One of the Japanese government’s main conclusions was the understanding of the need for technological progress. All the state forces were thrown into Westernization, the adoption of technologies, ideas, and policies of the West. Hundreds of young people were sent to study in Western universities, the state adopted not only technologies but also the political structure of Western countries.
The forerunner of liberalism and democracy in Japan was the emergence of Parliament and the Meiji Constitution’s adoption. This era is called the Meiji Restoration or the Meiji Revolution (1867–1889). The old traditions were broken, and the Japanese state was created on the Western model. “Japanese traditions are Western values,” the Japanese proclaimed. The main flowering of liberal democracy comes in 1900–1925, Which is called Taisho Democracy. In those years, the country achieved significant success in developing a democratic government system on the Western model.
But along with liberal democracy, competing ideologies also entered the country. The specter of communism has already begun its march across Asia, taking root in China, Korea and seeping into Japan. The ideas of universal equality, social justice, even with terror and violence, were attractive to all proletarians, regardless of geography. Around the same time, in the second decade of the twentieth century, Japanese militarism began to manifest itself with the first manifestation of Korea’s annexation and victory in the Russian-Japan war. Japan won and the US decided to negotiate the truce to make sure other, non-White nations wouldn’t realize they could vanquish Western nations.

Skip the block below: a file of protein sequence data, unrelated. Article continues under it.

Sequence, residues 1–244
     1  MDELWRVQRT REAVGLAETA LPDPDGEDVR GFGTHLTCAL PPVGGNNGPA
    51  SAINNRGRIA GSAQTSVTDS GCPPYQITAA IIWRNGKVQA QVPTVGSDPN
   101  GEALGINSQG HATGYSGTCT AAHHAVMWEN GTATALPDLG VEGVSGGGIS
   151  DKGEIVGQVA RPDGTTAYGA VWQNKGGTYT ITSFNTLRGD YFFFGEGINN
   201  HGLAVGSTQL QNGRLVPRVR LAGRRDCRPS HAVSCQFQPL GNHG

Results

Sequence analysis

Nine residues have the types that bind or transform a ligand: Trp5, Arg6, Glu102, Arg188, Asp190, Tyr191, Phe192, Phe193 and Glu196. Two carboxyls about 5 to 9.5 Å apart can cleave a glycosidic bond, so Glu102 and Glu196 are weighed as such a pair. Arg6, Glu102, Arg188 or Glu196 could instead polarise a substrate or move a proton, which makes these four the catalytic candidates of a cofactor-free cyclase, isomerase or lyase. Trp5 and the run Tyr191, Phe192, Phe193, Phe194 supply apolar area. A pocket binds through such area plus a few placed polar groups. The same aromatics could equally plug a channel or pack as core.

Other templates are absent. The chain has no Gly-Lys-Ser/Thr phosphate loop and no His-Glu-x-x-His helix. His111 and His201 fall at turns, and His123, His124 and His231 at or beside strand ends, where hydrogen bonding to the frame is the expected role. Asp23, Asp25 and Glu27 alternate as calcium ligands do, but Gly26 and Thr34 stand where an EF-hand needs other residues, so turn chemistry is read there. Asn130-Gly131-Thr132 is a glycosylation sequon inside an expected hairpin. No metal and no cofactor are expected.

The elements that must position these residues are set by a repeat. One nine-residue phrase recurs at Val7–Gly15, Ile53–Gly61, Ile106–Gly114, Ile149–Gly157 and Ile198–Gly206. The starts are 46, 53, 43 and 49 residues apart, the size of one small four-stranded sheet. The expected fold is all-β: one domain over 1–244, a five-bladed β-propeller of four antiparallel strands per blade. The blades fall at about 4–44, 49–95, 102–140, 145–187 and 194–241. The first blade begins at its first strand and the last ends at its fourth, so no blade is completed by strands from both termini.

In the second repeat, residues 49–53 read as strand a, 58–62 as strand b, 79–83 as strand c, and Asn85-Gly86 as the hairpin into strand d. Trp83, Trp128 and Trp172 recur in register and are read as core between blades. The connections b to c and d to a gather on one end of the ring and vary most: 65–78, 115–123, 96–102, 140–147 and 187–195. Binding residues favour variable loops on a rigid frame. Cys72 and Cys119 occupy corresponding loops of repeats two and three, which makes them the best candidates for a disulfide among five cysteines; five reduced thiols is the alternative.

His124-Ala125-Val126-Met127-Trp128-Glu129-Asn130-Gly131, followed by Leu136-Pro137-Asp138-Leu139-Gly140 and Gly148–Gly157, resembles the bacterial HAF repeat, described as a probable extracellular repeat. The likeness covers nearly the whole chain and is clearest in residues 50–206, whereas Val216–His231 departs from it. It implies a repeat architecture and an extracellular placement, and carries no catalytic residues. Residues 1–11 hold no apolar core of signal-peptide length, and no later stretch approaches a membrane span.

But in 1923, Japan was hit by the worst earthquake known as the Yokohama earthquake, which killed several hundred thousand people. Yokohama and Tokyo were nearly destroyed. For 3 days, the Kanto region was in complete chaos, accompanied by looting, violence, and looting. But literally, on the third day, the army took power into its own hands. The robberies and murders immediately stopped. After the military firmly demonstrated to society the advantages of definite Order over Chaos, the stocks of democracy and freedom fell sharply. The “Law on maintaining calm” was issued, which declared socialists, communists, and republicans to be criminals because they undermine Kokutai 國體 “The body of the nation” an ideological construct, a set of ideas up the national identity of the Japanese. Criticism and pessimism fell into the category of anti-Japanese activity. Democracy was over, a militaristic dictatorship began in the country.